The Museum of Flight is an unexpected treasure that caught me off guard. Being married to a rocket scientist, we naturally added it to our Seattle itinerary. Upon arrival, I had intended to stay about 90 minutes. Four hours later we were still captivated, learning, and enjoying every moment. Huge planes hang overhead side by side smaller ones, flight simulators allow visitors to fly (most for an extra fee), spacecraft link us to outer space, and the signage connects the craft to key moments in history.
Having enjoyed both the Cite de L’Espace in Toulouse, France and MOTAT’s Aviation Hall in New Zealand, my expectations were high, yet they were still vastly exceeded. With over 150 aircraft and 25,000 smaller objects, I am sure there is something to catch the attention of everyone. Even rocket scientist hubby saw things he had only ever heard about before.
Here are some of our highlights:
There’s much more. This is only some of it:
- The Flight Zone allows kids hands-on experimentation with cockpits, instrumentation, a balloon gondola basket, and more. Special workshops or activities are available on weekends.
- The museum encourages flight crews who visit to leave their signatures on inconspicuous areas of their planes (like the front wheel well).
- A simulated air traffic control tower overlooks the King County International airstrip.
- Nicknamed the “Red Barn,” the original Boeing Factory has been a part of the museum since 1982 and now is home to Boeing memorabilia and other interesting documentation including original letters from the Wright brothers.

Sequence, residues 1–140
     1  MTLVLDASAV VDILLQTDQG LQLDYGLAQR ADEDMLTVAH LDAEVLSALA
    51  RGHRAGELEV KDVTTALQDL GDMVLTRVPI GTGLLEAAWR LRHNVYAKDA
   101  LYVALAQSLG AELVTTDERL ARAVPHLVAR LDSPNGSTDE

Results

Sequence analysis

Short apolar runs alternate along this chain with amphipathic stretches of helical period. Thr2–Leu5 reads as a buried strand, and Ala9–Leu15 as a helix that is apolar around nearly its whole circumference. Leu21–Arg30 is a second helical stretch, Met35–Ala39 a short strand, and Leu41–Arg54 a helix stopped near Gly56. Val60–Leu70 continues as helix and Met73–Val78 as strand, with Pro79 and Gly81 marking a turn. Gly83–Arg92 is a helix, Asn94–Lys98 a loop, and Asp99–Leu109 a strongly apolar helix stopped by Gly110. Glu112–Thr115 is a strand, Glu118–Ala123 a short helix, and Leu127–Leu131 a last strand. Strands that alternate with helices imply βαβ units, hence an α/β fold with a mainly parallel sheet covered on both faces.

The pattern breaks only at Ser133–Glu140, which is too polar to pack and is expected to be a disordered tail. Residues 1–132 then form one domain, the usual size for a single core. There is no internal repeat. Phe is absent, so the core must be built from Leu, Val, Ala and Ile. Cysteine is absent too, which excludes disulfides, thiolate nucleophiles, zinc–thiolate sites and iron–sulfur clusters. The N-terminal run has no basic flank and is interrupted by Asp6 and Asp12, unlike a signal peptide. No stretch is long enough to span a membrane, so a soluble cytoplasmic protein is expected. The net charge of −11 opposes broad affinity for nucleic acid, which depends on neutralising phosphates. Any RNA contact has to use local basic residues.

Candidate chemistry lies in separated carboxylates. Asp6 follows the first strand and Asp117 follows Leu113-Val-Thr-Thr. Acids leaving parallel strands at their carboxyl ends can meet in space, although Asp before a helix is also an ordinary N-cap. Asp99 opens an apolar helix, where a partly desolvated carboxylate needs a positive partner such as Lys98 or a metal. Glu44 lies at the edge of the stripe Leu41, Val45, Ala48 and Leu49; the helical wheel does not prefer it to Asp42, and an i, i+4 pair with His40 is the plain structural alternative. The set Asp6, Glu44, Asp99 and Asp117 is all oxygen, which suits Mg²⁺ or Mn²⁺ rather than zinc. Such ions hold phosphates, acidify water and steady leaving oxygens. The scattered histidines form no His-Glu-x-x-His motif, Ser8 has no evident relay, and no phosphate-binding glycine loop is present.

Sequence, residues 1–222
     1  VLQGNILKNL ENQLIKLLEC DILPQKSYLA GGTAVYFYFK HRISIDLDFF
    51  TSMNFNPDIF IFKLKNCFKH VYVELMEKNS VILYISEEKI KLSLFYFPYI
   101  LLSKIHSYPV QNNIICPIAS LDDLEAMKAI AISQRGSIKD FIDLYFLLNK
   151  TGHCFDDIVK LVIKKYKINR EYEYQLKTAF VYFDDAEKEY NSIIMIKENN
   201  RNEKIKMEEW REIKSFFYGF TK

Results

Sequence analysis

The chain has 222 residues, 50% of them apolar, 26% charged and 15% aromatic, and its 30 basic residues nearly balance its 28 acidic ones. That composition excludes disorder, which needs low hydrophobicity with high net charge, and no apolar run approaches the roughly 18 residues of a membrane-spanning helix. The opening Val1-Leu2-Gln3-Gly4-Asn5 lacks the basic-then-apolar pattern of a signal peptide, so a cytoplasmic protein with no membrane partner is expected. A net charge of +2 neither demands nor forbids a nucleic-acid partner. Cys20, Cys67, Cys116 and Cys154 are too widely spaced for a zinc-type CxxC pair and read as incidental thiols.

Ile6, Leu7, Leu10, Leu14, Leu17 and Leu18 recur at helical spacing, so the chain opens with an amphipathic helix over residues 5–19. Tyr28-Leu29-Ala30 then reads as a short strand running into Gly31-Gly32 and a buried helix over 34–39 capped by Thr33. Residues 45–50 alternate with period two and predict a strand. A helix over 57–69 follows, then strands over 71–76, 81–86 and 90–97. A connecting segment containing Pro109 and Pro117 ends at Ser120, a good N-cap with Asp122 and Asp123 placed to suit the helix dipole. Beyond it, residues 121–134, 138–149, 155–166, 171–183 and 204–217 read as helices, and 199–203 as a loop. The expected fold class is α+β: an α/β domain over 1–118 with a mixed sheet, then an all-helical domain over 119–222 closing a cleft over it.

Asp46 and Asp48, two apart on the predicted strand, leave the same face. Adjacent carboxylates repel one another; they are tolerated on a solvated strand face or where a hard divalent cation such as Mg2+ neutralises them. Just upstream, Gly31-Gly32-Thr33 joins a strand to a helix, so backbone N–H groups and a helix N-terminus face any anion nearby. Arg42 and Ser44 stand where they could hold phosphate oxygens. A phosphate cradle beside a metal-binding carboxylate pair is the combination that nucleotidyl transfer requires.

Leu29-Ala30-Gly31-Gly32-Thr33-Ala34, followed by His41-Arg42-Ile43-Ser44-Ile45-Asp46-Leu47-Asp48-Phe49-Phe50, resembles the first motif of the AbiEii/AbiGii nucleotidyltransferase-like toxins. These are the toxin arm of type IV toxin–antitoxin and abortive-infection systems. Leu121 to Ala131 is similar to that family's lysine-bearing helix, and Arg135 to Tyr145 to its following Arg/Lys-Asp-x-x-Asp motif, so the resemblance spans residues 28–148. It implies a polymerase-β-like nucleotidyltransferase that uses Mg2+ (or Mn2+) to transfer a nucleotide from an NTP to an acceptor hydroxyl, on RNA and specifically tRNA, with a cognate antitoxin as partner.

- In late October, the museum converts its trench area in the WWII exhibit to a “Museum of Fright.”
- The most unique opportunity is a 30-minute shuttle trainer tour of the Full Fuselage Trainer (FFT) used by every NASA astronaut that flew on the Space Shuttle. These tours are limited to six persons per session, have lots of restrictions, and require an extra fee.
- Check out the Museum of Flight’s official webpage.
- Located at 9404 East Marginal Way S. in Seattle it has plenty of free car parking. Should fly rather than drive, there are five airplane spots, however, these need to be reserved at least a day in advance.
- The museum is open daily from 9 am to 5 pm. On the first Thursday of each month, the museum has a late night with free entry from 5 to 9 pm.
- You can experience the museum on your own, join a docent-led tour, or rent an audio guide, available in seven different languages.
- There is a cafe with sandwiches, snacks, and beverages.
- The Museum of Flight is a Smithsonian Affiliate institution.
My overall impression of the Museum of Flight: It’s a must-see in Seattle as well as when touring America. Allocate at least two hours, four would be better. I expected hubby to love it (and he did), but it really took me by surprise.
Have you been to the Museum of Flight? Will you add a Shuttle Trainer Tour when you visit?
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Disclaimer: We were guests of the Museum of Flight’s PR department, and given a complimentary tour. The opinions expressed here are strictly my own.